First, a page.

How to Position a Beach Umbrella for Maximum Coverage

How to Position a Beach Umbrella for Maximum Coverage
The coastlines of the world are home to more than half the world's population. Tourists, homeowners, camping and water sport enthusiasts visit often to enjoy the beauty and tranquil atmosphere. Beaches are a favorite area, but time spent on the beach in the hot sun without shade can be dangerous. Beach umbrellas are the best solution to this dilemma by offering an efficient amount of shade for a hot day at the beach.


Difficulty: Easy

Positioning a beach umbrella for optimum coverage

Things You’ll Need:
  • Large beach umbrella Measuring tape
  • Large beach umbrella
  • Measuring tape
Step 1
Find a suitable place on the beach near midday and ensure no debris is piled up in your prospective area. Clear the area of debris.
Step 2
Point the umbrella at the sun and open it up. Be sure to wear sunglasses and avoid directly looking into the sun while performing this step.
Step 3
Stake the umbrella into the ground at an angle positioning the crown of the umbrella toward the sun. Be sure to firmly stake the beach umbrella well into the ground, driving it about one foot into the sand.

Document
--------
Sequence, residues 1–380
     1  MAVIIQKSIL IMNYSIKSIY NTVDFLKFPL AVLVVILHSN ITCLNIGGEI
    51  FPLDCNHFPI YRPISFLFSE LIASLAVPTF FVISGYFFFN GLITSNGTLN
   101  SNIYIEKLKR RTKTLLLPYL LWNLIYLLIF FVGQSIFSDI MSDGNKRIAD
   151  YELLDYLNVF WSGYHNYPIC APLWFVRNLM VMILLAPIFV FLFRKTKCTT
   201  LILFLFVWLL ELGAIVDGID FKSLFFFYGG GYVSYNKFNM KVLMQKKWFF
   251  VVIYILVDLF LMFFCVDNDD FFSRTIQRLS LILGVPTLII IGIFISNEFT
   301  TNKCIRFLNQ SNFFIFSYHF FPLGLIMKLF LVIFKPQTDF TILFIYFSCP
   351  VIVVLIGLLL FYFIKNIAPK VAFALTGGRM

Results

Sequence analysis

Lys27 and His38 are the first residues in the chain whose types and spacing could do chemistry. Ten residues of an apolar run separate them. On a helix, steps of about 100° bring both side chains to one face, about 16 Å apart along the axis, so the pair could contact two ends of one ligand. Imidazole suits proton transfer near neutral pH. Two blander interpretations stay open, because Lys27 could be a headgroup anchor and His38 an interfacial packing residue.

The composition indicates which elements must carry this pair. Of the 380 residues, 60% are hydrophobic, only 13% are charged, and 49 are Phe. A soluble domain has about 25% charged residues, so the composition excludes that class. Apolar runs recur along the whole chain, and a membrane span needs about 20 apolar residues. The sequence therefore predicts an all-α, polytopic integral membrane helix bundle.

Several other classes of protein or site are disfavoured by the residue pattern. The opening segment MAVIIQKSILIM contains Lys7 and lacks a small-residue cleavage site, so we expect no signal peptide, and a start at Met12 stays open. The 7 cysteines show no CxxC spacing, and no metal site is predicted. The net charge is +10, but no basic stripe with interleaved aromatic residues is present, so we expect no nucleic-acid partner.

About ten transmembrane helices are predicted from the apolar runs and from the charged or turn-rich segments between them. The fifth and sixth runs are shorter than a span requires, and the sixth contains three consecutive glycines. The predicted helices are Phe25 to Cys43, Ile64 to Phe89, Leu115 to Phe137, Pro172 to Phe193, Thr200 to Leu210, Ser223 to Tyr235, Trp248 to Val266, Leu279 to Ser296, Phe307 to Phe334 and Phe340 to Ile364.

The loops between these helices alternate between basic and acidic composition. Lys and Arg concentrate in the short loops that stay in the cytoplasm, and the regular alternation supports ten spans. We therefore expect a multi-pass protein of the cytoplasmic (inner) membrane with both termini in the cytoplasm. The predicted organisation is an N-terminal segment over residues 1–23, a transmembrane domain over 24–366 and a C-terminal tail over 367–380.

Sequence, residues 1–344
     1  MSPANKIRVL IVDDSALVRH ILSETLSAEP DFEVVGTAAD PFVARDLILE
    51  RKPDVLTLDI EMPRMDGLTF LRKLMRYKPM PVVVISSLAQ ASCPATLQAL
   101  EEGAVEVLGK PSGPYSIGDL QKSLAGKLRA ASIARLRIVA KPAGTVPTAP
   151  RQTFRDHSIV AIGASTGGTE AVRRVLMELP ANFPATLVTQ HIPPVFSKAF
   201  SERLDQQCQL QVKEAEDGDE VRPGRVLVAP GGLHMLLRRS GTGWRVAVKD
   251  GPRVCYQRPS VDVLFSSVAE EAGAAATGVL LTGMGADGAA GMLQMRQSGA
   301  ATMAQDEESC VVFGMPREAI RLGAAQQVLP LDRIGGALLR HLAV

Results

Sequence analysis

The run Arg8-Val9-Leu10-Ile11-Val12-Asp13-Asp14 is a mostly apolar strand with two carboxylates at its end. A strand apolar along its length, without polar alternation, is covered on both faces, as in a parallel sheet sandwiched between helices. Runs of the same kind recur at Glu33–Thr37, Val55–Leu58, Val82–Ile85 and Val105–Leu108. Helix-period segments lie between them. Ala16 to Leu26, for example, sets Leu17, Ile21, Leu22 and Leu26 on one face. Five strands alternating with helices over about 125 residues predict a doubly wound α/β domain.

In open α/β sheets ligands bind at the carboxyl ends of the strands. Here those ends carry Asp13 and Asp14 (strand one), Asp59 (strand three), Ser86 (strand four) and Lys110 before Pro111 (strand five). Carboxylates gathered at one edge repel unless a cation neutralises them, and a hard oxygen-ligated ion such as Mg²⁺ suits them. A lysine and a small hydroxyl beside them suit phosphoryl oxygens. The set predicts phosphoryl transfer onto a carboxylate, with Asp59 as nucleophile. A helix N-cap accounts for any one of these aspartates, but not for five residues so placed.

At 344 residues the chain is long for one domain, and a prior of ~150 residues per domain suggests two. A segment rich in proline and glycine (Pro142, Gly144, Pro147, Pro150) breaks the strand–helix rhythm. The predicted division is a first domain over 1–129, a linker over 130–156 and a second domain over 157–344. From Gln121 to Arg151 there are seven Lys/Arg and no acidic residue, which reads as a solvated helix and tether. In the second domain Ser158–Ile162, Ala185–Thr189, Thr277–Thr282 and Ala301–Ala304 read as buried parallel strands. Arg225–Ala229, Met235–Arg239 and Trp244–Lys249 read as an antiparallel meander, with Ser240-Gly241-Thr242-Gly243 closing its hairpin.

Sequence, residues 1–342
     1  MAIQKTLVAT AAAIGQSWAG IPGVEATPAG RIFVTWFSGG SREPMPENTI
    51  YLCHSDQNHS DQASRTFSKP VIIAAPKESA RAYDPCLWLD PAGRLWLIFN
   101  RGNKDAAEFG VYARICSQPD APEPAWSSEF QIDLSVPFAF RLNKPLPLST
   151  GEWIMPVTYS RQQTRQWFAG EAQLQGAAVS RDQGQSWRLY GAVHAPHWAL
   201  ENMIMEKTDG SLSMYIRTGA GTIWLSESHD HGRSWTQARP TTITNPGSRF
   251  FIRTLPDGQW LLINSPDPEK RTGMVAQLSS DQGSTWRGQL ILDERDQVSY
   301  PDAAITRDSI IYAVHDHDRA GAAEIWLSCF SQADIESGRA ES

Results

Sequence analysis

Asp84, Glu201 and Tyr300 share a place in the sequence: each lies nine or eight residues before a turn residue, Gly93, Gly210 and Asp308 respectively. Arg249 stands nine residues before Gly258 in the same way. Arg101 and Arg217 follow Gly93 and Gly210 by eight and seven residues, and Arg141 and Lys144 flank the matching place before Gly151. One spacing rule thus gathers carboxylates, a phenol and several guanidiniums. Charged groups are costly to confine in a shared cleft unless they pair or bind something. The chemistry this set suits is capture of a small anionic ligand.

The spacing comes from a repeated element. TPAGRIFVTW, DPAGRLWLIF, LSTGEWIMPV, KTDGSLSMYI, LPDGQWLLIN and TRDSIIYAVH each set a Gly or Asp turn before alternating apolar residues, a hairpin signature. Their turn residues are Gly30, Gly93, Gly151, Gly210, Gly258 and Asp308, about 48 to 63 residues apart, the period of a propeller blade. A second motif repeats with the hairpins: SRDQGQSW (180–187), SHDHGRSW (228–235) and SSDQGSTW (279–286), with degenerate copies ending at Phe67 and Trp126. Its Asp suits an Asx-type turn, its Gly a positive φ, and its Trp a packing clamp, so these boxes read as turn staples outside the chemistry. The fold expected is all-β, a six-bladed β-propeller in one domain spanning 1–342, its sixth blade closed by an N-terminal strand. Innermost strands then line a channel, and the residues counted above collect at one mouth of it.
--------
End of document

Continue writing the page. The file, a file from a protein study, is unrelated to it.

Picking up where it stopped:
Step 4
Mark the size of the shadow by drawing a line in the sand with a stick or your finger and then measure the area with a tape measure.
Step 5
Wobble the umbrella up and down and right and left slightly to make sure the shadow from the umbrella stays in your marked area. If the shadow appears larger, then re-stake the umbrella to allow a larger shaded area.
Step 6
Move the umbrella as needed to compensate for the movement of the sun during your time on the beach. Always keep the crown of the umbrella angled toward the sun when recalculating your position.

Article Written By Jeremiah Blanchard

Jeremiah Blanchard has been writing professionally since 2006, specializing in topics related to nature, the environment, conservation and philosophy. His work has appeared in activist columns on Socyberty and Authspot. Blanchard studied art at William Carey College and history at the University of Southern Mississippi.

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